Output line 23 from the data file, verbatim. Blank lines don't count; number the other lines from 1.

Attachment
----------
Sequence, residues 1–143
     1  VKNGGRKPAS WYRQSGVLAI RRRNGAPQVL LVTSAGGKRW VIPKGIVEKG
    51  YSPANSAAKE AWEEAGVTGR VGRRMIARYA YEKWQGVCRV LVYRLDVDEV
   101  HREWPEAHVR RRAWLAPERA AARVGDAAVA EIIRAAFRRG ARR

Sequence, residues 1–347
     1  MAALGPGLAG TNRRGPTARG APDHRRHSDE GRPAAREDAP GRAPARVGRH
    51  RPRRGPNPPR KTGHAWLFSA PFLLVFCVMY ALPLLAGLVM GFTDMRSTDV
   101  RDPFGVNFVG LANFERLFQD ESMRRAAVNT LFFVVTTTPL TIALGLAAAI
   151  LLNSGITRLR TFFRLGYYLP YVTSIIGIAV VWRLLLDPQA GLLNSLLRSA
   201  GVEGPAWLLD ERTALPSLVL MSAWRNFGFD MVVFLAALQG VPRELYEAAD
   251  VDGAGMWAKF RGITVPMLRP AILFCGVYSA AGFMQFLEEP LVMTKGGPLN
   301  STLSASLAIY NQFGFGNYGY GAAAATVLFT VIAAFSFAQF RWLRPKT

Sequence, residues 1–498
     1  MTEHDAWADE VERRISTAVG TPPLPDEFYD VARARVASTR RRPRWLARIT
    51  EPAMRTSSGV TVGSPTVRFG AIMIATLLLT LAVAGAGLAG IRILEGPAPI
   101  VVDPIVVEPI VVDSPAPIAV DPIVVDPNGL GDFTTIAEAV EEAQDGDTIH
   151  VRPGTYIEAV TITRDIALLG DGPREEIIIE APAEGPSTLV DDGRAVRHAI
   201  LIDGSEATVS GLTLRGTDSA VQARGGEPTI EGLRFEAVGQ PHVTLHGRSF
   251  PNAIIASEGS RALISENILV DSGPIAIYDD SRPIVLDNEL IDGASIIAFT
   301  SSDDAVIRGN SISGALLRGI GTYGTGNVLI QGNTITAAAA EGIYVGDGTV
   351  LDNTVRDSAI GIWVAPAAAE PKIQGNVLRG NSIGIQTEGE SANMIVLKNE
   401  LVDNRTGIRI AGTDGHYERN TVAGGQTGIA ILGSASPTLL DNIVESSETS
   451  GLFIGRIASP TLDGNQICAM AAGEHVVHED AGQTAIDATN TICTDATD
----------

   451  GLFIGRIASP TLDGNQICAM AAGEHVVHED AGQTAIDATN TICTDATD